It's like clickbait by way of a very grim episode of Welcome to Nightvale.
You have probably heard of the "Fight for 15" and the fight to raise the minimum wage. Discussions about tipping (how much, when, the stories of people living off of tips). Why the changing nature of service positions like in food have been under a lot of scrutiny.
Author Jayaraman has a fascinating look at various restaurants/eateries for the various aspects of the food service industry. Everything from wages to sick days to sexual harassment to mobility within the eatery itself. There are case studies of good restaurants and bad. Many names you know (Starbucks, Chipotle) plus smaller places that you may have not heard of or have a regional appeal only.
Some of it is not surprising: fast food eateries like Taco Bell have been known to hire bad employees, don't train, don't have proper sanitary conditions, etc. On the other hand, Chipotle is held up as an example of a better restaurant with better mobility, wages, atmosphere, etc. But the information is not limited to national chains. There are fast food joints to mid-level-ish (I guess it depends on your definition) such as the Olive Garden to higher end restaurants too. No one escapes.
That said, I couldn't help but be a wee bit skeptical about her information as I read further. Chipotle is held up as a good example but interesting the author doesn't seem to account for the various outbreaks (which have happened quite often). She also does not seem to account for the wage issues (such as the recent lawsuits). Some of it could have been due to the publication timeline but after this section I found myself a little less enamored of the book and the author's approach.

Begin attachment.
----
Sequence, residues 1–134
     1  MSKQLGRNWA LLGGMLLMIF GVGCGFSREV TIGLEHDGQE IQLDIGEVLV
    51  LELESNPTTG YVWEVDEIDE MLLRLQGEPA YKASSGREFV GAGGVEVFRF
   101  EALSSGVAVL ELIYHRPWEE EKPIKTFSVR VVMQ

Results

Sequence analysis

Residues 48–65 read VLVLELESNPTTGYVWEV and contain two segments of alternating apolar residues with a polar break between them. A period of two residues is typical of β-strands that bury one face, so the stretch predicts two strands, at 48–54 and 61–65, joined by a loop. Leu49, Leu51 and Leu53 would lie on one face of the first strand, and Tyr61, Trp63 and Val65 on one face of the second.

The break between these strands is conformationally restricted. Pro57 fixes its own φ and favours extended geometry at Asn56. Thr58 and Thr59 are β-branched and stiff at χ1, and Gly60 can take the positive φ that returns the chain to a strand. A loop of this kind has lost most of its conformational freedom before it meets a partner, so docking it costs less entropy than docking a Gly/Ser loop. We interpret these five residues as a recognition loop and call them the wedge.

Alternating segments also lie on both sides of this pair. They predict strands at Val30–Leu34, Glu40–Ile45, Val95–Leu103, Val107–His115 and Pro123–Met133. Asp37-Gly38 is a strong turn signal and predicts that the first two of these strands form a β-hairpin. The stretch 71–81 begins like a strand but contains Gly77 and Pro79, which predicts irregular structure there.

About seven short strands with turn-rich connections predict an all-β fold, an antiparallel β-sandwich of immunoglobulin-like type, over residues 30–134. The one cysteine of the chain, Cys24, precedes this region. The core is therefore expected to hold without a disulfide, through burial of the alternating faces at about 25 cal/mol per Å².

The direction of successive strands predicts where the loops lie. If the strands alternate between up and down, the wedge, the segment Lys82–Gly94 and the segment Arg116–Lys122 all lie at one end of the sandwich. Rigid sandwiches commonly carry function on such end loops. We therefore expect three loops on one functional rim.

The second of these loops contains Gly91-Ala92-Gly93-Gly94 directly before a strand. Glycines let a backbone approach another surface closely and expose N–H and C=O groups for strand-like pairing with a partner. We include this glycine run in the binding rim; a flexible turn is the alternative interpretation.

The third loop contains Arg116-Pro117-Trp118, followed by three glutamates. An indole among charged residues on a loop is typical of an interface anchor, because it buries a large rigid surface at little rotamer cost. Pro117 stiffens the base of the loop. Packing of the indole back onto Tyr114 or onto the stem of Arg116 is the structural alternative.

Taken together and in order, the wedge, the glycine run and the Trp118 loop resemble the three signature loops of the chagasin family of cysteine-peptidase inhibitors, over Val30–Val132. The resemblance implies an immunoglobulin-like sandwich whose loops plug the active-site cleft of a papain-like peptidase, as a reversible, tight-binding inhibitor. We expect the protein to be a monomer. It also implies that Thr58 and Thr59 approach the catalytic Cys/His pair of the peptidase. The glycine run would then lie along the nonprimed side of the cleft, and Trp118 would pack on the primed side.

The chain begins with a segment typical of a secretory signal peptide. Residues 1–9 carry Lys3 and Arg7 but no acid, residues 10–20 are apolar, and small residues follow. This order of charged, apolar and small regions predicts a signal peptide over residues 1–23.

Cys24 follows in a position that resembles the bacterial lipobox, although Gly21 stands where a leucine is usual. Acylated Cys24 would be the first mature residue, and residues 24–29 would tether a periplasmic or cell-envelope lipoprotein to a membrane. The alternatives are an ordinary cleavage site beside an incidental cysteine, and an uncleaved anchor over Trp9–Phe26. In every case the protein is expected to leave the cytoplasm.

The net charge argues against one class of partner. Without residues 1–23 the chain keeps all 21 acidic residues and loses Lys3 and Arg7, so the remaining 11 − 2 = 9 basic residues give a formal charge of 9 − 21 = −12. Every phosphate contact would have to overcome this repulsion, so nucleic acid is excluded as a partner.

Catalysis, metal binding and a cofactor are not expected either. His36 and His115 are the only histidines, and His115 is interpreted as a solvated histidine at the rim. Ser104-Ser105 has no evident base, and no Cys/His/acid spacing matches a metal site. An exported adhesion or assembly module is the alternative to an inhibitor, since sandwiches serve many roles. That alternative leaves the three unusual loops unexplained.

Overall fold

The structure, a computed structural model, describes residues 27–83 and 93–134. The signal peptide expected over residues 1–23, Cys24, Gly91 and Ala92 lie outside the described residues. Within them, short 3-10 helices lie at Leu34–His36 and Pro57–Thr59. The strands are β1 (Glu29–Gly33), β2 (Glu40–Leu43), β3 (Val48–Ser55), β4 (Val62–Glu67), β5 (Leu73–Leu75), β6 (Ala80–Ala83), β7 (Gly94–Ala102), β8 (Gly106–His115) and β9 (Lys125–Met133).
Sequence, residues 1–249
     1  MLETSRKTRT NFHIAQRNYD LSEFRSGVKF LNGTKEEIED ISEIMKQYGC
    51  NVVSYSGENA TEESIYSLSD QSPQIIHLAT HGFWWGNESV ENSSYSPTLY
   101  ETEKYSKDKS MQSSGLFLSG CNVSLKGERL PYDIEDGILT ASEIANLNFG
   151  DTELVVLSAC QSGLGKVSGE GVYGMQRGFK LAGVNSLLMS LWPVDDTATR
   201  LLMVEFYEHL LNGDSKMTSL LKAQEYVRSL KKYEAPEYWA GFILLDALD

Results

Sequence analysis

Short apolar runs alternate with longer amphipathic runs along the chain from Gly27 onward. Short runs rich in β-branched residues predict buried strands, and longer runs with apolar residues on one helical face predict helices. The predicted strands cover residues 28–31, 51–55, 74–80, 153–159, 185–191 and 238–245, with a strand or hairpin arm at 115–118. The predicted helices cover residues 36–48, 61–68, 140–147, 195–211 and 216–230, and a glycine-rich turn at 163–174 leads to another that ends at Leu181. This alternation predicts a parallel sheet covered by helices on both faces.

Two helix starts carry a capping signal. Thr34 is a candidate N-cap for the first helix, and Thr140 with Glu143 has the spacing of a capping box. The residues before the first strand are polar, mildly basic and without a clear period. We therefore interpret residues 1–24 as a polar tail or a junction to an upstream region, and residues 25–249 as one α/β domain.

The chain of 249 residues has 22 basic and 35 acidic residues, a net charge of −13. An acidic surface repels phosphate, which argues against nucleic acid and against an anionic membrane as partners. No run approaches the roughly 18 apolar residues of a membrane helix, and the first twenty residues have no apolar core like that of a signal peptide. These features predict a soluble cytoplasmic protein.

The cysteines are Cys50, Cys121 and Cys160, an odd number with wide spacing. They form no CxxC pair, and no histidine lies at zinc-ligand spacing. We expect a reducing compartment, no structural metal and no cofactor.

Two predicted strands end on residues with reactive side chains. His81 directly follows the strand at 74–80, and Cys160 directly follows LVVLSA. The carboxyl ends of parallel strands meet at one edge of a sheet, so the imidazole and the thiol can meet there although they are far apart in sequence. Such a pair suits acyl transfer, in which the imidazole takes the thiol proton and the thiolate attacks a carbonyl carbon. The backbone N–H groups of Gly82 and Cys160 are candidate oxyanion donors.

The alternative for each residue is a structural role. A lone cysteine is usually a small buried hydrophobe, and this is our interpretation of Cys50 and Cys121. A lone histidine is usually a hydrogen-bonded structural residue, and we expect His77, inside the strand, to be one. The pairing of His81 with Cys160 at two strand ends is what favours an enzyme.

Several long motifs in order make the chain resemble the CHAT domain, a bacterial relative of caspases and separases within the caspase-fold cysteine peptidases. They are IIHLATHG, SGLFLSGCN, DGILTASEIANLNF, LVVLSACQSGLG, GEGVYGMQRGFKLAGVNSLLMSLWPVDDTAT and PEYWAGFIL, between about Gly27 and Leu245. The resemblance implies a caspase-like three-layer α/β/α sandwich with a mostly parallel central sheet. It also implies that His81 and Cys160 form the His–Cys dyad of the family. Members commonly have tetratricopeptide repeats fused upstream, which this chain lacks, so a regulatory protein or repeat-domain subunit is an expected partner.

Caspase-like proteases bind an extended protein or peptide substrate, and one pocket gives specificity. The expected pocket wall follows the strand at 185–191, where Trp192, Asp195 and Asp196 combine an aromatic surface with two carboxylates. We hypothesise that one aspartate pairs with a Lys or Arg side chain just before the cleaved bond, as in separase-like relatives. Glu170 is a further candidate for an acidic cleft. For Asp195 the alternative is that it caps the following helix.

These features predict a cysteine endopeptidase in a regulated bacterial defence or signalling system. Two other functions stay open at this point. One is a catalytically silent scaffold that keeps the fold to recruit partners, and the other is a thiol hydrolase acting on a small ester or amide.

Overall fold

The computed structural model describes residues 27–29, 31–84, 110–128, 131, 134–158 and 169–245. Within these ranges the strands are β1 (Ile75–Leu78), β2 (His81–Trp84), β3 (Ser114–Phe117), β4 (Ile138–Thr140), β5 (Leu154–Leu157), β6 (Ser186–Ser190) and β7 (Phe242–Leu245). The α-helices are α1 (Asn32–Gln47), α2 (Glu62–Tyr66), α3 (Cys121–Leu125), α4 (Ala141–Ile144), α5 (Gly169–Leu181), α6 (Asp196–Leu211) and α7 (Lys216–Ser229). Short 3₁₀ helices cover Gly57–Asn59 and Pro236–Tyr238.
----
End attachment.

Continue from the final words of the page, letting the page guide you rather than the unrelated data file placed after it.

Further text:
She also discusses Starbucks as a bad example. This in itself wasn't surprising either, but I also had some issue with her case study. She cites the lack of diversity of baristas and that the hiring practices of Starbucks of one particular location seemed to reflect that. This made me pause because I knew several Starbucks baristas in high school. They somewhat fit the mold Jayaraman cites (ready to go to college or college-age) but they were also diverse. I'm not sure if this is a matter of location, the diversity of the areas, if the hiring managers who brought on my friends and classmates were just better at hiring more diversely, if it was a matter of the hiring pools my friends were in vs. the places Jayaraman looked at, etc.
So while it was an interesting read, I agree with other reviews that think the information was cherry picked, slanted, needed to be more sourcing, etc. I also occasionally found it tedious: it's a bit cookie cutter once you understand how she lays out each chapter. And if a particular eatery was unfamiliar to me I wasn't particularly interested for the most part. Some stories of the smaller mom and pop restaurants were wonderful to read but if a restaurant unknown to me was bad I wasn't interested in reading too much about it since I do not intend to eat there anyway!
Overall it's food for thought (hahaha). If you're not familiar with this area or want to learn more about the food service industry (particularly if you are thinking of getting into this business and want to know what are "good" and "bad" practices) then it might be worth picking up and thumbing through.
And while it's not graphic, there are some really terrible stories ranging from the long work hours to harassment, sexual and otherwise. There is some discussion of sexual assault and "selling" (picking attractive women to be hired as waitresses, women being told to wear tighter/more revealing clothing, etc.). It's not graphic in detail but it is an issue that is discussed.
I borrowed it from the library and that sounds about right.